CPD, Observations

A good leader is…

Image adapted using Typorama
Image adapted using Typorama

There have been many Twitter conversations and debates of late about the qualities and the failings of Senior and Middle Leaders. It seems that the experiences teachers have with their SLTs and Middle Leaders varies massively from school to school. I have clearly been very fortunate: I have taught in the same school for the whole of my 15 year career, but I’m now on my 3rd Headteacher (plus an Acting Head for a short while), and the SLT members, and indeed structure, have changed since 2000. In all of my time at the school, I have always worked for a very supportive team. Friends too often share their experiences; many of them have families, but as yet, I’ve not found anyone whose stories match those of this week’s Guardian Secret Teacher.

Reading the story of this teaching mum filled me with horror. You would hope that hers was a one-off story, but sadly, reading comments on the page and those that followed on Twitter, it would seem not.

As I have written before, I am beginning my venture into the world of Senior Leadership this year by taking the NPQSL. I have also taken on the role of Phase Leader for September, so for me, thinking about what will make me a good leader is incredibly poignant at the moment. I’m pretty sure I will make a good leader, but when I tried to think why, I struggled.

This article by John Dunford, outlining what he thinks makes a good Senior Leader, listed 8 skills needed. Although this article is now a few years old, surely the skills and principles haven’t changed?

Dunford’s principles were:

  • keep a relentless focus on teaching and learning
  • hold to the values that underpin the work of the school
  • be visible around the school
  • build a learning community among staff, as much as among pupils
  • ensure that leadership style suits the occasion
  • find good ways of involving parents and the community
  • prioritise
  • communicate endlessly.

I’m so very glad that I read this, as so many of these are principles that I hold dear. I am desperately trying to promote the sharing of ideas and learning experiences throughout the school; I’m forever talking about the value of sharing good practice on Twitter and want to encourage others to visit other classes in their phase to see what goes on. Parents have had more involvement in the school this year (especially in KS2, and in my year group) than ever before. We have worked hard over the last 12 months to decide on the Key Drivers that underpin our planning, so our values are reflected in everything that we do. Many of the other skills I have blogged about before (here and here) .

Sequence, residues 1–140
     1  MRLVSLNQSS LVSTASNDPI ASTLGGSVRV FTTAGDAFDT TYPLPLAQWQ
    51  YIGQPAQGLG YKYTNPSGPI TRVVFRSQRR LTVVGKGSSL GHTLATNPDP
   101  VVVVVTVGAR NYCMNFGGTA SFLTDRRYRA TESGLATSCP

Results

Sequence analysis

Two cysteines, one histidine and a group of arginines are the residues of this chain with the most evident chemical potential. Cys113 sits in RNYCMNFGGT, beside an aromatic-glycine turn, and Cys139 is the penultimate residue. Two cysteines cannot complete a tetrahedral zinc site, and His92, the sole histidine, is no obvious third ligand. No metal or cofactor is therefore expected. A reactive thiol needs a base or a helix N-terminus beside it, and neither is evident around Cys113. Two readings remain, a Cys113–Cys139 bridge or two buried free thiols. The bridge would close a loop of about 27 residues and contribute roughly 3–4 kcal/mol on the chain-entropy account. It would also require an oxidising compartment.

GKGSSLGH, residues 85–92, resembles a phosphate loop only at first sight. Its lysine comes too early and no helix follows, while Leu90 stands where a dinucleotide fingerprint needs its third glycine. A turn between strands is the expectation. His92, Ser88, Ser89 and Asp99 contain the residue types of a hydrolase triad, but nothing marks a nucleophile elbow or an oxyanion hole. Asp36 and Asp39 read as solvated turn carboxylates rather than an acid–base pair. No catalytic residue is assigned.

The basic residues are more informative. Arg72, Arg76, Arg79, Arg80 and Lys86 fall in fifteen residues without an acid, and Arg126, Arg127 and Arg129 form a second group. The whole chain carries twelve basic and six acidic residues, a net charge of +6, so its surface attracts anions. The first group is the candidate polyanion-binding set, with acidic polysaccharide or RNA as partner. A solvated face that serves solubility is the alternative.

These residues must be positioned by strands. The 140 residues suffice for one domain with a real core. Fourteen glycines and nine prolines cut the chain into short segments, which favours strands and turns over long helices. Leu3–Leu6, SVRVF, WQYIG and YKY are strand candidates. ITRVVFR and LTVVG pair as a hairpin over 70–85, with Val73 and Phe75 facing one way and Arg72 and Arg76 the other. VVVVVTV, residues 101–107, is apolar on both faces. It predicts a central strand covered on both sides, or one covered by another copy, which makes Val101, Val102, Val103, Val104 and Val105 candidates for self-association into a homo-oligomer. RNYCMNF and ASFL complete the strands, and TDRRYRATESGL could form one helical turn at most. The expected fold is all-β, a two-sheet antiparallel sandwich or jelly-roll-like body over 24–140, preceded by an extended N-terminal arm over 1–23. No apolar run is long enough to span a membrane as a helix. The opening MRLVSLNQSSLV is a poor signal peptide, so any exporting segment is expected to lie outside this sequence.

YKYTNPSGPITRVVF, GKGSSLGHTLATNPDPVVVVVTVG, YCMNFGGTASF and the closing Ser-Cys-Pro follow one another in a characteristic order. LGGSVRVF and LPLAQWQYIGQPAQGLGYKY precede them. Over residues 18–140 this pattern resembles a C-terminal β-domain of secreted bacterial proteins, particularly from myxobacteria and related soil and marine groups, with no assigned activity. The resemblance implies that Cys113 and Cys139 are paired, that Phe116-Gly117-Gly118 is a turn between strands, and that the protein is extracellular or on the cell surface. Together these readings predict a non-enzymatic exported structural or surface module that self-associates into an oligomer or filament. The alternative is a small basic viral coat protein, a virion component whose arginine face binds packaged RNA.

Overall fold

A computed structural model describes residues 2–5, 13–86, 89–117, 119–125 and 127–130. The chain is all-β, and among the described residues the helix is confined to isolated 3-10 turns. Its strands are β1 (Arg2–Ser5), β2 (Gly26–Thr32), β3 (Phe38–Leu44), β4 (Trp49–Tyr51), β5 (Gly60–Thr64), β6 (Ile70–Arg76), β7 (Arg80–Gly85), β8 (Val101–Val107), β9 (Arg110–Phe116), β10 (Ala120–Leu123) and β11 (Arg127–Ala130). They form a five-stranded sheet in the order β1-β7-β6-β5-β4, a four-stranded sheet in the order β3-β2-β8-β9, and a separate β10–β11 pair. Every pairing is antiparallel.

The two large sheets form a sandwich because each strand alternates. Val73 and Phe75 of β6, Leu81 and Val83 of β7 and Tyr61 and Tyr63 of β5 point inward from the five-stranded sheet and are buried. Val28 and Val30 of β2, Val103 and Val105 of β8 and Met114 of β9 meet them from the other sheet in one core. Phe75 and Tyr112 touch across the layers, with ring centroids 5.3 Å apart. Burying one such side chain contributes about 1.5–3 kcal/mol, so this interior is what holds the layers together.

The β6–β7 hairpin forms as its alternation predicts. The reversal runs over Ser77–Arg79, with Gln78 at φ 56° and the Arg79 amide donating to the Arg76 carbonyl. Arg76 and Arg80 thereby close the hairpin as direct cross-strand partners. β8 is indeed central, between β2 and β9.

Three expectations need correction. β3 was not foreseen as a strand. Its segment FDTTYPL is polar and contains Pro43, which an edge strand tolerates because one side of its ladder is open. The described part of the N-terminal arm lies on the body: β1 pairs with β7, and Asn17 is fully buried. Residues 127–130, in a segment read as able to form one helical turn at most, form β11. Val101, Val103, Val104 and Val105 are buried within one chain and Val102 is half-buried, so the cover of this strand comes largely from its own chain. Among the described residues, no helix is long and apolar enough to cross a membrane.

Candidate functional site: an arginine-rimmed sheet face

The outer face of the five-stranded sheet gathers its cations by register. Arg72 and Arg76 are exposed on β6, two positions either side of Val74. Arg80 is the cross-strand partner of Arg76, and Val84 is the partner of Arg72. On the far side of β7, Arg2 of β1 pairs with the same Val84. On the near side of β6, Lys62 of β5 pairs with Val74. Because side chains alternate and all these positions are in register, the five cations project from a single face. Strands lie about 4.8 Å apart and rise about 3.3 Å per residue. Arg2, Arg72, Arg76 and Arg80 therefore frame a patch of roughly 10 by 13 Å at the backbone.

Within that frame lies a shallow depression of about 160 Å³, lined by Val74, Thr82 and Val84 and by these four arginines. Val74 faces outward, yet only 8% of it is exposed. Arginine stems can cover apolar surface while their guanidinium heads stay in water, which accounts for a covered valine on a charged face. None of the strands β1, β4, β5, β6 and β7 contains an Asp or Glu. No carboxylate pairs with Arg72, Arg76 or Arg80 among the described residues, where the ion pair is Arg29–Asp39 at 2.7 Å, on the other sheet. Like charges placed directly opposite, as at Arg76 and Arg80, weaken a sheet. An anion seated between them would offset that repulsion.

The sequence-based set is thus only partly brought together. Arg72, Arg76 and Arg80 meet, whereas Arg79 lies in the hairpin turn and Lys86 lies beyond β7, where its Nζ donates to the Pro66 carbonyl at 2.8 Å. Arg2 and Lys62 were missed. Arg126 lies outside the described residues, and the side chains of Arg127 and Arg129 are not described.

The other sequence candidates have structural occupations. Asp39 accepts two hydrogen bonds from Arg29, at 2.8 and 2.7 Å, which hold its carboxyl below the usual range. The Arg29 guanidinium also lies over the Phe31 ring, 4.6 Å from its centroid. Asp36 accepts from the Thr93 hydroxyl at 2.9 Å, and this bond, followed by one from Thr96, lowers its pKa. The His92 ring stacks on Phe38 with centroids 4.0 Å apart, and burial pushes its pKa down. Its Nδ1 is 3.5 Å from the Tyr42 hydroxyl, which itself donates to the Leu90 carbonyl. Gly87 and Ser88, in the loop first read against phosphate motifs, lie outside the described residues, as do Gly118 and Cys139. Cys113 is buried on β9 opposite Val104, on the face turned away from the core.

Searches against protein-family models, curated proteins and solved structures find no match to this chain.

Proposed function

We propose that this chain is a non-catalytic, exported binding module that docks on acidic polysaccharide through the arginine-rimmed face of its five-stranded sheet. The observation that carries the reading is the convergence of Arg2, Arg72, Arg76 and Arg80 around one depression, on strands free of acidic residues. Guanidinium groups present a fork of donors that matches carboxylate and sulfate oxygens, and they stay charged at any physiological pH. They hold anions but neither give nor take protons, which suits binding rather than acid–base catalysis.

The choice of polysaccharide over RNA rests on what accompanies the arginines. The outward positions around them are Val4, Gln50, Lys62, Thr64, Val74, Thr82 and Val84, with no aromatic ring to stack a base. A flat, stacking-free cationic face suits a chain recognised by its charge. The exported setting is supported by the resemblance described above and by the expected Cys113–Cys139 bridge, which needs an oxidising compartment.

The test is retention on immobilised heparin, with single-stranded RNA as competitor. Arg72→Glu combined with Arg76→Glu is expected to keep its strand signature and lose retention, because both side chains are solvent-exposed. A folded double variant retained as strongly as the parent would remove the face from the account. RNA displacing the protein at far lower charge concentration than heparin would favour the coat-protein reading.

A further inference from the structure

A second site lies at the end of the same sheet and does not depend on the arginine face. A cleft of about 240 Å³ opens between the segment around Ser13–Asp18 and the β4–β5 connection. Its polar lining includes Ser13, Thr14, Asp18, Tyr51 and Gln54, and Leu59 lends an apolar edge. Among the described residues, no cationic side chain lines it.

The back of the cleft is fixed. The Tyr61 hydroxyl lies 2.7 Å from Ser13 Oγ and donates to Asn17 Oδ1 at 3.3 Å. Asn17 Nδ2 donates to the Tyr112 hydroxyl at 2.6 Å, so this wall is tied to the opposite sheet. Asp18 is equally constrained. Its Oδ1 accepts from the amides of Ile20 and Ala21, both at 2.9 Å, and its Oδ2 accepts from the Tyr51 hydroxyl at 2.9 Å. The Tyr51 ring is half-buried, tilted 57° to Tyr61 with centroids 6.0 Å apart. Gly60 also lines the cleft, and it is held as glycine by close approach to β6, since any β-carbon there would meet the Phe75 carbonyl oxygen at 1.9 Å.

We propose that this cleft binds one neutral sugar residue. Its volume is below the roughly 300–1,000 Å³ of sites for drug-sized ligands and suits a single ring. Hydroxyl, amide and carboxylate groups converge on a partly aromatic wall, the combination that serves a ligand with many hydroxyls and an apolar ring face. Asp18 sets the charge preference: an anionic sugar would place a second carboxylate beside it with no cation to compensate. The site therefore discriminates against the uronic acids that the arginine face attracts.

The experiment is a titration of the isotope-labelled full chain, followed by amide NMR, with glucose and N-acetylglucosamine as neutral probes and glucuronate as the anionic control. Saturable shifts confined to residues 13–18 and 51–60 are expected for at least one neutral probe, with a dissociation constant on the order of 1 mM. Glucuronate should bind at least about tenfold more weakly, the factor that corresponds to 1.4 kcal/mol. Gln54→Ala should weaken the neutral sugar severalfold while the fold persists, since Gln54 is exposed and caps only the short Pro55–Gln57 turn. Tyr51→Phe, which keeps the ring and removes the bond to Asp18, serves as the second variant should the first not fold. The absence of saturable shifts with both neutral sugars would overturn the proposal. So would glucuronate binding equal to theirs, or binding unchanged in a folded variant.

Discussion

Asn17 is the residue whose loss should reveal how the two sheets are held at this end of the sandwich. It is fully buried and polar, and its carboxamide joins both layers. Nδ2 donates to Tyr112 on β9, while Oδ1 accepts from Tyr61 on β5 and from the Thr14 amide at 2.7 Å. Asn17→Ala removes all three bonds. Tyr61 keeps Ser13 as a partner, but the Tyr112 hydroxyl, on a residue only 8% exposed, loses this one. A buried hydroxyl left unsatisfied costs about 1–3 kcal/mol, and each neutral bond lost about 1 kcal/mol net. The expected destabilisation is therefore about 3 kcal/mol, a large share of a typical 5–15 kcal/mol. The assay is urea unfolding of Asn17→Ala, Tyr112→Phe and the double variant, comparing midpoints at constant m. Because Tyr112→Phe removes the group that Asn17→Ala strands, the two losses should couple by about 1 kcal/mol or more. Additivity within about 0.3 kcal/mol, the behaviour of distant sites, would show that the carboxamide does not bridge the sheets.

For me, the biggest challenge has been my leadership style. Until recently, I’m not sure I had one. I would speak my mind and, although never one for confrontation, I would say what needed to be said and deal with the consequences after, whether it be parents or other staff. I think I have learned to stop and contemplate a little more, to consider what I say, and to perhaps think a little more before speaking. I still say what needs to be said, but in a more measured way. That, I think, is a crucial skill for any leader.

I don’t want to be the kind of leader that the Secret Teacher wrote about. I want to be a leader who gets the best from the people she works with, who is fair and reasonable and understands the demands on staff outside of school. I hope that, by combining my own skills and work/life balance with the support of my school’s SLT, seeing how they work and cope with the demands of Deputy Headship and learning a great deal over the coming year, I can become that kind of leader. Perhaps if more of us shared our experiences of good leadership and how leaders have supported us, then we can prevent more good teachers like this week’s GST from leaving the profession we love so much.


4 thoughts on “A good leader is…

  1. I think one of the main things is to avoid division – the worst leaders play teachers and TA’s off one another, teachers and pupils, TAs and pupils, etc. In the end, when I left, I told my year group colleague that the SLT may well be playing a game but that doesn’t mean I have no choice but to join in.

    In terms of teaching and learning, I am astounded by the lack of teachers who observe good practice within the school before outside consultants are brought in. It’s not even considered in many schools yet surely it would be less costly and the teachers can see the class for themselves. In addition, I think my colleagues got more out of me teaching my class, teaching their class and them teaching mine to observe each other than any other form of training as its in context and we can speak about real children and real situations not imaginary versions of what goes on in the classroom. This is especially important for new teachers. I observed everyone in the school when I was a NQT. Its a shame this is not the norm.


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